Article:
I think Cape voters would be nuts to let Senate President Therese Murray (D – Plymouth) go, in good part because of that title in front of her name; as Senate President, she has the mojo to get things done for her district in a big way. She’s also spearheaded some significant reform efforts over the past two or three terms, so she’s not sitting on her hands doing nothing.
Tom Keyes has run a much better campaign than in 2010, and I fully expect another close race between him and Sen. Murray, but so much of his campaign has been based in reactionary statements that try to paint Sen. Murray as a corrupt, ineffective do-nothing. If Murray were to state, “I like cats,” Keyes would issue a press release accusing her of being in the pocket of Big Dog. He hasn’t really distinguished himself as a superior alternative to the incumbent, and if he does come out on top, I would say Murray lost the race rather than Keyes won it.
Barnstable County Commissioners
Mary Pat Flynn and Sheila Lyons should be returned to the board, because Eric Steinhilber has not proven himself worthy of ousting either of the incumbents.
Mr. Steinhilber chose the wrong tentpole issue in the “MWRA on Cape Cod” to-do, stuck to his guns far longer than he should have once that topic’s shelf-life expired back in the summer, and has failed to show voters why his opposition to a taxpayer-funded wastewater authority is somehow better, more reliable, or just plain different than Ms. Flynn’s or Ms. Lyons’.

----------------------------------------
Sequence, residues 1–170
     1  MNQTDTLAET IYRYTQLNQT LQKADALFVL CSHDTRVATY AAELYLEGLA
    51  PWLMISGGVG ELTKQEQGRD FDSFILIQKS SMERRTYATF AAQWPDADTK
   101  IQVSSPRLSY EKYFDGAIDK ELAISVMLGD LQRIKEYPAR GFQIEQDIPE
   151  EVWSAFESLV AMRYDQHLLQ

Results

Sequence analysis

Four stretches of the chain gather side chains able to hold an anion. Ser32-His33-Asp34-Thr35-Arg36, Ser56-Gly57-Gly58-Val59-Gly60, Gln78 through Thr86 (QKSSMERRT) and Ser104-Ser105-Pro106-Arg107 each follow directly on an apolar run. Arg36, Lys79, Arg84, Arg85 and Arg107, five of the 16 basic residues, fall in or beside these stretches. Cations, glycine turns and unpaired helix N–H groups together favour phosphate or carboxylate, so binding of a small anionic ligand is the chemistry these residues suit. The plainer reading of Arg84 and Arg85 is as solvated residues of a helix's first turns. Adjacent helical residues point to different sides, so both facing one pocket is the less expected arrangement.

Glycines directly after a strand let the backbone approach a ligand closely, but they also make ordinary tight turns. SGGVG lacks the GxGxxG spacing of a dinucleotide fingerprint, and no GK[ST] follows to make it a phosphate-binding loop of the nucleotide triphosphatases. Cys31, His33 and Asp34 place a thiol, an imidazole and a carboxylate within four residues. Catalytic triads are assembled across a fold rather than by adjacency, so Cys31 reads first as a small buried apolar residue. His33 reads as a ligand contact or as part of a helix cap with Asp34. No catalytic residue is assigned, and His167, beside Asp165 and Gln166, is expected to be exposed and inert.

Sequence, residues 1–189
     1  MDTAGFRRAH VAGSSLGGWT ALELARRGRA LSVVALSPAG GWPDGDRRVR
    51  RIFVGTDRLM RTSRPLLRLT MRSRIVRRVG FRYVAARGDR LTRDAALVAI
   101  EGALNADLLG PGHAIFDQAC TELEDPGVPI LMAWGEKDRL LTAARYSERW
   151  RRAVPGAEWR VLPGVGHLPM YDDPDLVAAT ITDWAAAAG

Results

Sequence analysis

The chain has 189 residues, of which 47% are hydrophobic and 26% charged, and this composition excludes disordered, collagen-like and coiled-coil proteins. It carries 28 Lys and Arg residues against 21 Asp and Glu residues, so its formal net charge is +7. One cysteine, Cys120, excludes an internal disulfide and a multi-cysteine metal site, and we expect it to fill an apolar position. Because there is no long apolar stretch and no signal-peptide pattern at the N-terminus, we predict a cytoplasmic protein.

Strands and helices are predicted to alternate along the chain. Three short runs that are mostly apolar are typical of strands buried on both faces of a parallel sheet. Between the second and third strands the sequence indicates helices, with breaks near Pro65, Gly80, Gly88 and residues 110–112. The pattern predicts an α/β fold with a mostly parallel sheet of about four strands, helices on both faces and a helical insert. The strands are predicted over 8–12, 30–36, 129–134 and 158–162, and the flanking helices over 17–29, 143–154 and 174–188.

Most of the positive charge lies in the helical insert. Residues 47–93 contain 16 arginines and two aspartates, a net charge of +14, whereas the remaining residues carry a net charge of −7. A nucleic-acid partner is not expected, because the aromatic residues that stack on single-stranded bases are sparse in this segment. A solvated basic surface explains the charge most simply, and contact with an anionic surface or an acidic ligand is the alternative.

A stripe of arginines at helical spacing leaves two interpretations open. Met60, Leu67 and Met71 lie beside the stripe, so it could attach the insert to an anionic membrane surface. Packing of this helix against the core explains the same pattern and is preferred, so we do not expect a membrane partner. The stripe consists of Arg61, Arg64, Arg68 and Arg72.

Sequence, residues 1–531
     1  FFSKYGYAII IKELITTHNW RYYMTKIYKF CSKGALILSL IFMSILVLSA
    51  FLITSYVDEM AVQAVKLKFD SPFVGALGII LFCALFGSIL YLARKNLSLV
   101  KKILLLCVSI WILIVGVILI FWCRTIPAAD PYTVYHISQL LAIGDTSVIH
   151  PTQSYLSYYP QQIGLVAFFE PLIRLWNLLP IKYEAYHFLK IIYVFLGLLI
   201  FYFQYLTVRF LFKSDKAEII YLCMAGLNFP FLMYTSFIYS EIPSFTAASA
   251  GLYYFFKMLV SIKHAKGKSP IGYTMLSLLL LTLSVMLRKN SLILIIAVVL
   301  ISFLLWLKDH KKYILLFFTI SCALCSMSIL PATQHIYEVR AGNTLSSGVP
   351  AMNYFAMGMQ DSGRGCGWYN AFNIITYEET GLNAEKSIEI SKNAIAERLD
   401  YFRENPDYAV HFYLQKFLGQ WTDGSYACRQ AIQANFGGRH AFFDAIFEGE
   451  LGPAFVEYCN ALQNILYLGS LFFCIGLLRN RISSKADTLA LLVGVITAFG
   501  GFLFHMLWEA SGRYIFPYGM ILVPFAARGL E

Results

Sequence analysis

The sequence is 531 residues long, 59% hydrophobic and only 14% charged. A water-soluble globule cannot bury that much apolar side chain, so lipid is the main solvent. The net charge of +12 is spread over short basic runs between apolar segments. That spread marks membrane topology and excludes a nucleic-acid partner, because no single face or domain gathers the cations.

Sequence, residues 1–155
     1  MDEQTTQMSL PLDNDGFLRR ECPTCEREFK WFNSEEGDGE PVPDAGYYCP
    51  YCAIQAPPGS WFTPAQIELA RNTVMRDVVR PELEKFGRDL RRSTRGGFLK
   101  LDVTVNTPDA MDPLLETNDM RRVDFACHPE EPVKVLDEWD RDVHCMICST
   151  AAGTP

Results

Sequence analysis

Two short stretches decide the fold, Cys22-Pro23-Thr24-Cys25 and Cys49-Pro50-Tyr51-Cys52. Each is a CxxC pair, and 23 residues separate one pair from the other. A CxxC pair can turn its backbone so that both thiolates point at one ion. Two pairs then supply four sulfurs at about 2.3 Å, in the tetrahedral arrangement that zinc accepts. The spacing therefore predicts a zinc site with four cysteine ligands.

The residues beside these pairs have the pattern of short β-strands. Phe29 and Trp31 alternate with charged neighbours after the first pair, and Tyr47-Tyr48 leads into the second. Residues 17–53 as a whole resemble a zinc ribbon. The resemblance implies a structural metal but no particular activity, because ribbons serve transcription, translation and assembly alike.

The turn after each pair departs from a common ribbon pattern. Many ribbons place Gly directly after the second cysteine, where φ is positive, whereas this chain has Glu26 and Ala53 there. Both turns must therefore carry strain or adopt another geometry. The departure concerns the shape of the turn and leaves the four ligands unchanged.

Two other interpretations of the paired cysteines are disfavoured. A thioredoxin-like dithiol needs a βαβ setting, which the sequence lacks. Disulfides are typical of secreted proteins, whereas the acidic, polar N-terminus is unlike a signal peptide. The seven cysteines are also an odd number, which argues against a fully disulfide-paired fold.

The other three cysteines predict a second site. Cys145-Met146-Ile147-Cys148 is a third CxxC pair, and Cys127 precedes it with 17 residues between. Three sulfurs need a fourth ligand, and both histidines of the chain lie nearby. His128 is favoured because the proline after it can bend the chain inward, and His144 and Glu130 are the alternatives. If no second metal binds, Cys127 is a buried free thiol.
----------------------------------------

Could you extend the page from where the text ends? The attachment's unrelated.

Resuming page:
I directly asked Mr. Steinhilber why voters should believe him when he says “I oppose a wastewater authority” but doubt the incumbents when they say it, and he did not provide a good answer; his argument was, basically, he was dead-set against it and Flynn and Lyons were not — and he did not elaborate whether he thought they were lying or were simply easily manipulated dupes who could be bullied into changing their minds.
That, coupled with his lackluster ideas on other issues and failure to recognize OpenCape as a potential economic engine for the region, make him ill-suited for the job compared to Flynn and Lyons — and that’s a shame because I had high hopes for the guy. I maintain he would have made a better challenger for State Senator Dan Wolf (D – Harwich) in 2010 than Jim Crocker, but the man needs to be better about doing his homework and distinguishing good issues from bad (or non-) issues.
The Right to Repair question is a tricky one, but let’s be clear about one thing: voting “no” on Question One does NOT negate the Right to Repair Law passed earlier this year; a “no” vote is against the ballot question only.
What a “yes” vote would do is set the stage for a mess in the Legislature. By approving a RtR Law via the ballot, voters would be overriding the existing law, which lawmakers approved after several failed efforts in the face of staunch opposition by the auto industry. The existing law may have flaws, but it would be better to address those flaws through the legislative process than by forcing lawmakers to either entirely scrap the law they crafted — or create a compromise law, or ignore the will of the voters completely and keeping the current version.